First of all, I would like to express my profound, heartfelt respect for your continued criticism of modern-day politics and our culture (rather, the eerie abomination we now refer to as “culture”)….
I would also like to apologize straight away for my rather “bleak” language: Despite the fact that I have lived in the U.S. for more than 50 years (I hail from Sweden), I have never been able to truly perfect my languages skills, perhaps because I was an engineer—a “nerd”—and my “language department” is thus direly lacking in ability.
I am 70, while my dear wife is 75. At this stage, people start (at least they used to) to think intensely about the eternal and the transcendent, about what will be left after their looming departure. They start analyzing the world around them on a deeper level.
A few years ago I traveled to Sweden with my mother, who was 90 at that point, to revive our memories of the country as well as satisfy my mother’s burning desire to see her motherland (which, understandably, has a special place in her heart) before death. In short, I wish we had not visited the country, for it simply has gone out of existence.
My mother managed to retain the authentic spirit of Swedish Protestant ethics, now officially extinct. She diligently worked throughout her life, had a large family and, metaphorically speaking, always looked up at the sky and “saw” God. She had values, culture to honor and cherish and “humble pride” in her rich heritage. There was purpose in her existence. She always remembered her ancestors, who had built the magnificent world around her, and felt enormous responsibility before them. She knew the notion of “awe” well (sadly, the notion has perished; people feel only disdain, scorn and contempt). They had set high standards for her and it was a tall order indeed to live up to them. She, as a matter of fact, had a different face—she, unlike the today’s youth, didn’t have a vacant look.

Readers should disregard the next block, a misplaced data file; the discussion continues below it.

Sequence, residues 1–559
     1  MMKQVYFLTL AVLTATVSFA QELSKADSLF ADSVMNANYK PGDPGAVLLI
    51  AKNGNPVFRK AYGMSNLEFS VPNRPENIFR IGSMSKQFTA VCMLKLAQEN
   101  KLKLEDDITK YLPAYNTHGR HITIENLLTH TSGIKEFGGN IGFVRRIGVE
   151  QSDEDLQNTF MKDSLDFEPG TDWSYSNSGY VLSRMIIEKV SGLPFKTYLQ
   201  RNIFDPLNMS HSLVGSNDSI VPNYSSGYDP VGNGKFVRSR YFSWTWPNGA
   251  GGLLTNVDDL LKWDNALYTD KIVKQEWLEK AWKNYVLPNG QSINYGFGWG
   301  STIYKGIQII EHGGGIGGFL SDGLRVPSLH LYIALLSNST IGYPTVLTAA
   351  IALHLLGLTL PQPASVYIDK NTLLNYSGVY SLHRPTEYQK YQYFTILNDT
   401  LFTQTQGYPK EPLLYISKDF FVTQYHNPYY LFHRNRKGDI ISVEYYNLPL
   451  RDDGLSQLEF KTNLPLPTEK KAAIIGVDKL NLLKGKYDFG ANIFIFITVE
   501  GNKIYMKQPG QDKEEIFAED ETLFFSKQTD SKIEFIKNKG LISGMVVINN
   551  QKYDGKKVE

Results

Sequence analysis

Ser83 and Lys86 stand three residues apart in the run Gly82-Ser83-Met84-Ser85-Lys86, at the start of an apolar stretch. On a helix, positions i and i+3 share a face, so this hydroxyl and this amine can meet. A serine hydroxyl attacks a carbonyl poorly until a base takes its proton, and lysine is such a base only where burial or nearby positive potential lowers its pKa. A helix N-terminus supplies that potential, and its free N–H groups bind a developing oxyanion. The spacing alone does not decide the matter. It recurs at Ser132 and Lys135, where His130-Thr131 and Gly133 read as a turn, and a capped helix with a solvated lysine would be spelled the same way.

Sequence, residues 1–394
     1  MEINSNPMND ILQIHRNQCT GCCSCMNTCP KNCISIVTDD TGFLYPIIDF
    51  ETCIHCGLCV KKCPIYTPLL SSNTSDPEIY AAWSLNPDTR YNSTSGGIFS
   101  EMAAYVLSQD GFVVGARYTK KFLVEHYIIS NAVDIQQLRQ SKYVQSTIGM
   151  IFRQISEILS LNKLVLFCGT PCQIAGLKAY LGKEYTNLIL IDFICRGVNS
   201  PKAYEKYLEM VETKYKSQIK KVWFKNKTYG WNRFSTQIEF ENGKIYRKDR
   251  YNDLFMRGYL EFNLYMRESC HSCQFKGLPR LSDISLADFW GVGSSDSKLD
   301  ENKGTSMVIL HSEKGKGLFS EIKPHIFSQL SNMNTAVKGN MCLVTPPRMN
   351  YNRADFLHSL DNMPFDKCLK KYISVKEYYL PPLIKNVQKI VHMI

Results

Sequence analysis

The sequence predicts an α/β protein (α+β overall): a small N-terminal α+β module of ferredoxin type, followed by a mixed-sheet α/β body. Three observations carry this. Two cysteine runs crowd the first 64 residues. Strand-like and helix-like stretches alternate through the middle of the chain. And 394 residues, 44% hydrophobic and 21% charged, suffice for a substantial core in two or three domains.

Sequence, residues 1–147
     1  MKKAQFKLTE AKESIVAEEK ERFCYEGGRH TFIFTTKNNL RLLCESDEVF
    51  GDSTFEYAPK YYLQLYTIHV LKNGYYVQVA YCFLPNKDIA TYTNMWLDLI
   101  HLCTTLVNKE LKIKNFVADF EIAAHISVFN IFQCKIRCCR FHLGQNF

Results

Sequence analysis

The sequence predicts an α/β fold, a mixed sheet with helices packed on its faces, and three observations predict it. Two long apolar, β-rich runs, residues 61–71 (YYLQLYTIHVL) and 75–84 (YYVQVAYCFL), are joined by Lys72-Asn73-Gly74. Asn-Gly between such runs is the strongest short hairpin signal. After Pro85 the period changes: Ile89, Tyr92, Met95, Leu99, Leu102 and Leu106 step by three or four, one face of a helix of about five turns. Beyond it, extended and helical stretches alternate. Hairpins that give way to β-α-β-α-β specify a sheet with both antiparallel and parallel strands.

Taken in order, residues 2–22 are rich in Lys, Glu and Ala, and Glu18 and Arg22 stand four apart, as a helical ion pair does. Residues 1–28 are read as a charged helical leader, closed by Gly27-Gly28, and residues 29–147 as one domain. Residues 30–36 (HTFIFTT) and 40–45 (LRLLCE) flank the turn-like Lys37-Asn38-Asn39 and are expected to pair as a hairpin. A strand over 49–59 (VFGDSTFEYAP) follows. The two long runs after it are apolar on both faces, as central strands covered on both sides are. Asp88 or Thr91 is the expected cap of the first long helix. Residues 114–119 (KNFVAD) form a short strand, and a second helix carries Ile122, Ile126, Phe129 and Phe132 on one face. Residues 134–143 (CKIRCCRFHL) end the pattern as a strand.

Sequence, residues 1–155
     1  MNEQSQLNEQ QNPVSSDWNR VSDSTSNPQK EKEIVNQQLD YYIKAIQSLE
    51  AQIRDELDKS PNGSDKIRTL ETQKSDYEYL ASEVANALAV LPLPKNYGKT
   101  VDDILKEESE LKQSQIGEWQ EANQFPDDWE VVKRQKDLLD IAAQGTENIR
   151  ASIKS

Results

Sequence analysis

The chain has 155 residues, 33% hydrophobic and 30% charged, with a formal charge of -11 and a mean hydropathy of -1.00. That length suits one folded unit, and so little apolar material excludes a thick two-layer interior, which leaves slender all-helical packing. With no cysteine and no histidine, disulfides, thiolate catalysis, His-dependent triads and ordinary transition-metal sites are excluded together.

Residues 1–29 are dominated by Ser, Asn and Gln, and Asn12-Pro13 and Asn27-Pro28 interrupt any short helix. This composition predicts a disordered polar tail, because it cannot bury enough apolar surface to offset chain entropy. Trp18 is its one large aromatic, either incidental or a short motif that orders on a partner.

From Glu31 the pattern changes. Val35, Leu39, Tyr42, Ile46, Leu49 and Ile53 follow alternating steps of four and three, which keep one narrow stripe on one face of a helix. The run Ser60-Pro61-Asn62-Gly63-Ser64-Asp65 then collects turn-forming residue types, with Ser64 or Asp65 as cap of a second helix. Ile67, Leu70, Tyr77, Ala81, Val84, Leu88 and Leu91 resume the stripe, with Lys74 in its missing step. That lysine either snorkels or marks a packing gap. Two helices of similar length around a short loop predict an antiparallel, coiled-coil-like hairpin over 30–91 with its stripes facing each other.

When we arrived, I immediately realized that the Sweden I had once come to love was gone. My mother distinctly felt the dramatic change, fluttering in the air, as well. Faces were different; manners, culture were different; newspapers were different. The country in which we found ourselves was sheer chaos; people were lowly cockroaches rather than human beings carved in the image of God.
After conversing with one Swede, whom I had previously known, it struck me that he didn’t realize he was Swedish in the first place—he possessed no national identity. He was a socialist, a consumer, a nice chap, but he was no Swede.
Later on, I related the story behind our traveling to Sweden to him and was amazed by his response. He instantly began vigorously advising us to pay a visit to a number of first-rate restaurants and shops. To reduce Sweden to restaurants and shops is a ruthless crime. To fail to understand the sentiments of the two who returned to their motherland is mind-boggling. Is it our culture, our people?
Obviously, all countries evolve and Man is bound to perpetually miss the sweet world of his childhood and youth, but Sweden regressed and ceased being “Sweden.” The whole West is no longer “Western,” unless we are speaking about a purely geographical concept.
My mother died devastated, as her world was dying with her. Her mother, as she earlier told me, had died full of fervent hopes—she knew her children would keep on working hard, praying sincerely and making the world a better place.
I attempted to comfort her by saying that the Republican Party did exist and did aim to protect our values, at least on paper. “The spirit is dead and, when the spirit is dead, there is absolutely no hope. Values will go down the drain eventually, sooner or later.”
Now I am also “a boring old fart,” as I was recently tagged by a youngster, and am also pondering the future. Democrats are bringing up young liberals; Republicans are bringing up young “conservatives.” Do we have successors? Can our values make a comeback? When we die, will our world and our values and ethics die as well? Can we turn the tide?
Thank you again for your important work.
My letter is largely pointless and should be treated as a cry of desperation.